2 min

Next stop: the world

A delegation of Vancouverites, including city councillor Tim Stevenson and mayor Larry Campbell, intend to visit Jerusalem, Israel this summer to help celebrate World Pride 2005.

Jerusalem is the second city ever to host the event, after 250,000 revellers from around the globe gathered five years ago for World Pride 2000 in Rome, Italy.

The Vatican nearly put a stop to that historic gathering and since the announcement for this summer’s event in Jerusalem, anti-queer and religious extremist groups around the world are voicing their opposition, too.

“When the event was declared, the city leaders in Jerusalem were supportive,” says Vancouver contingent organizer Steve RodRozen. “Now they’re coming under mounting pressure from ultra-orthodox elements. Regardless, the event is still going forward,” he says.

Jerusalem queers held their first local pride celebration in 2003. Israeli law has had a relatively liberal view of homosexuality since gay sex was decriminalized there in 1988. There are provisions for same-sex benefits for government employees, immigration and queers are not prevented from serving in the Israeli military.

Jerusalem is, however, among the holiest of cities to followers of the Christian, Judaic and Islamic faiths. Most sects of those religions dogmatically condemn homosexuality on moral grounds, even though scripture is corrupted by translation and makes only passing and oblique references to homosexuality.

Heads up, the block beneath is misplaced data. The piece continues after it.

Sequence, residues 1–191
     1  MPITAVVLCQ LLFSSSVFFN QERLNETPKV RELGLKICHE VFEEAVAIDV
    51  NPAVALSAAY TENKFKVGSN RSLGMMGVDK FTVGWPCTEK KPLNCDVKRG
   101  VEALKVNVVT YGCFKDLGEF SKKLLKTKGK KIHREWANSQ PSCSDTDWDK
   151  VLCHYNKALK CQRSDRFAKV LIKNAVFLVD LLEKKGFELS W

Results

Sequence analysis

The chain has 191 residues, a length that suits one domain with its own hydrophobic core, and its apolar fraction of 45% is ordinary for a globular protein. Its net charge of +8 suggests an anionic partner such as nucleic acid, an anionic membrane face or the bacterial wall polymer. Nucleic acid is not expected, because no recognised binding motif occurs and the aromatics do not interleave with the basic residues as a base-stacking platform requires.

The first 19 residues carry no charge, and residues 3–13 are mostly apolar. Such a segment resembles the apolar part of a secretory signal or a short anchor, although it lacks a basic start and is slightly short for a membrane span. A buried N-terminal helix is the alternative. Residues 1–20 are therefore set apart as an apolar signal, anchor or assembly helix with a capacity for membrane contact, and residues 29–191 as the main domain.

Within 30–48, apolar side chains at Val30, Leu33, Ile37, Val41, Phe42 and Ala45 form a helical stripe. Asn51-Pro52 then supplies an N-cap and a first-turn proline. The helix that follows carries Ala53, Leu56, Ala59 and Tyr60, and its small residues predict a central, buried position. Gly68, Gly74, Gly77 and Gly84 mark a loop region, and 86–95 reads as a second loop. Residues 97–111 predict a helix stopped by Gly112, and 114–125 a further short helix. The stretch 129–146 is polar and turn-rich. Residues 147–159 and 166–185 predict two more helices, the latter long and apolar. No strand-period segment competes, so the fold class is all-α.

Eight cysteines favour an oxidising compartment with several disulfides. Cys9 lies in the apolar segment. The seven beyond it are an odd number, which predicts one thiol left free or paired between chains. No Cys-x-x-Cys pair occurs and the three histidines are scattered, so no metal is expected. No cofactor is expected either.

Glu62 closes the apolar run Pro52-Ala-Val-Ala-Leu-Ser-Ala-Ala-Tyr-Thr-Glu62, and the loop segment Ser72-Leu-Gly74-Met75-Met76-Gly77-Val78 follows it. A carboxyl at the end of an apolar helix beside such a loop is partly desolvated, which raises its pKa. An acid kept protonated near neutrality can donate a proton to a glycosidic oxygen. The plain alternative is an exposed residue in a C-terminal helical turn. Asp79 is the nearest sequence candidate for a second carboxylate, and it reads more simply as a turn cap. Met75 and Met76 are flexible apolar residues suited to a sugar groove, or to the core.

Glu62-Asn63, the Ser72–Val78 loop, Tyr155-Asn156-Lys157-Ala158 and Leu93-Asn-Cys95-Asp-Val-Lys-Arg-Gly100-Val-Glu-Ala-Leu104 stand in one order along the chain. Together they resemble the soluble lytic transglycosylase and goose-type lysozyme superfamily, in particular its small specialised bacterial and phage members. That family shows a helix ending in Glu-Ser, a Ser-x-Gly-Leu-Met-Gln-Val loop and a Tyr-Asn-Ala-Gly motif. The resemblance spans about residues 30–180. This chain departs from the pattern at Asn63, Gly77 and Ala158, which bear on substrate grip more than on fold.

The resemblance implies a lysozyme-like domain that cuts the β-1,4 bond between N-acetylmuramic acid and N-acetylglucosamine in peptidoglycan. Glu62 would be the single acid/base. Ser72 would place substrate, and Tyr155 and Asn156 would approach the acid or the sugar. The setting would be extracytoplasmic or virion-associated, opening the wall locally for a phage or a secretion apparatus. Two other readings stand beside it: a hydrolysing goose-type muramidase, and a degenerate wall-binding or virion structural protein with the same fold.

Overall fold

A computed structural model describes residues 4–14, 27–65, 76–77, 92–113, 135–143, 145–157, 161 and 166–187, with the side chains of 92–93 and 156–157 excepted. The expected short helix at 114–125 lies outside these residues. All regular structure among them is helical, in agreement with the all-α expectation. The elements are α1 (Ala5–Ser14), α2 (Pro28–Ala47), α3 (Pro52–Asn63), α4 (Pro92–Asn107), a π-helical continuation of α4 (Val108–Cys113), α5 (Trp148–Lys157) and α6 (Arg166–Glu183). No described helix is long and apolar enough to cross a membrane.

Jerusalem’s ultra-orthodox mayor, Rabbi Uri Lupoliansky, has no official authority under the law to block the celebration in Jerusalem. He has, however, been quoted in the world press as calling Jerusalem Open House (JOH), Israel’s leading queer activist organization, all kinds of nasty names including “an abomination”.

He’s also been quoted as saying Pride celebrations are terrible things that do harm to youth.

Xtra West tried to reach Lupoliansky for his comment, but he didn’t respond to an email before press time.

The ten-day World Pride 2005 celebration will include opening and closing celebrations, a full schedule of parties, a major international concert, a queer film festival and an academic conference on religion and homosexuality. It will culminate in a street fair, Pride Parade and rally.

“Jerusalem is the ultimate place in the world to make a global statement that love, peace and democracy know no borders,” RodRozen says. “God loves us all equally, regardless of sexual orientation.”

RodRozen says there is a petition supporters of the event can sign on the World Pride 2005 website. He also says anyone who’d like to attend with the Vancouver delegation is welcome to do so. Interested people can contact him for travel and accommodation suggestions at: